Scientists Spot New Clues to a Deadly Lung Disease
Idiopathic pulmonary fibrosis always fatal, but research points to possible cause, potential treatment
The findings came about after the multi-center team of researchers compared tissues and blood from patients with IPF against those of healthy patients. Those biopsies showed consistently elevated rates of CHI3L1 in the IPF group, but not in others.
"This demonstrates that the CHI3L1 plays a key role in controlling lung injury in this setting," Elias said.
The findings were further corroborated in studies in mice. The rodents were first manipulated to develop an IPF-like condition. When CHI3LI protein levels were high, the mice showed evidence of accelerated scarring of lung tissue, the team said.
While not all studies conducted in the lab or in mice translate to success in humans, the new research "lays the foundation" for efforts to develop new treatments for IPF, Elias said.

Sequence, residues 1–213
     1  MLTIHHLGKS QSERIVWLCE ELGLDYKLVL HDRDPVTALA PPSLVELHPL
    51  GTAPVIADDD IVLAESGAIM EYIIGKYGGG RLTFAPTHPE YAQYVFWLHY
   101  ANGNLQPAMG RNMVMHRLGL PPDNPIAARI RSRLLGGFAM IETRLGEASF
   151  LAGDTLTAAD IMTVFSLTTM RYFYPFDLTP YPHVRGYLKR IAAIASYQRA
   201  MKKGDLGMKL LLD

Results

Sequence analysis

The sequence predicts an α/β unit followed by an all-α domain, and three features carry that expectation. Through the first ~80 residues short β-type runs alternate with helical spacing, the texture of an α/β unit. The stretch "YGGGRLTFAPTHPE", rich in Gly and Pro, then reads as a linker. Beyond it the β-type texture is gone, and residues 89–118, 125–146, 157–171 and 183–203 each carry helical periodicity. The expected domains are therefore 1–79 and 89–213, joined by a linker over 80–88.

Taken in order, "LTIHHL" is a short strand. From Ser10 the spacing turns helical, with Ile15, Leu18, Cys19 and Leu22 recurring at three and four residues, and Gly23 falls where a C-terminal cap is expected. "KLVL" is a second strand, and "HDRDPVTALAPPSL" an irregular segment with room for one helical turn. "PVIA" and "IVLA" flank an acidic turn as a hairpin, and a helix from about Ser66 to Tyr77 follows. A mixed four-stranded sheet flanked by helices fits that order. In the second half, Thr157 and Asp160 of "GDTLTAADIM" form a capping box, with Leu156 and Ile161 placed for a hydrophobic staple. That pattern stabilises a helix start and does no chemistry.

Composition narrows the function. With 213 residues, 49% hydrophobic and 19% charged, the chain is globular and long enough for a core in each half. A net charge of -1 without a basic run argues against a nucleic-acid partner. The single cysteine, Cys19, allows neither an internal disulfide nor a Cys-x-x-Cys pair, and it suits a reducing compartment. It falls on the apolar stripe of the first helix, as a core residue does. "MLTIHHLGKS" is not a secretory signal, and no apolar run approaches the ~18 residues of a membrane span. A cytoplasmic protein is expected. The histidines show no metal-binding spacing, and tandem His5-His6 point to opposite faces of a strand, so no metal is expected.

"To my knowledge this is the first comprehensive paper that's been able to explain the many facets and presentations of IPF," he added. "It explains and links the injury and the repair responses that are critical in the disease. It also provides an explanation for the slowly progressing patients and the patients that experience acute exacerbations."
The study was published June 11 in the journal Science Translational Medicine.
The news comes on the heels of two papers published in May in the New England Journal of Medicine. Those studies found that two drugs, pirfenidone and nintedanib, appear to slow the advance of IPF.
"It is an optimistic time for patients with fibrosis," Dr. Gregory Cosgrove, chief medical officer for the Pulmonary Fibrosis Foundation, said at the time of the studies' release.
"It's been frustrating when we have not identified an effective therapy over the past 10 to 15 years," he said. "But that degree of frustration has prompted the IPF community to really come together to support participation in clinical trials, and those trials have provided a foundation for these new advances."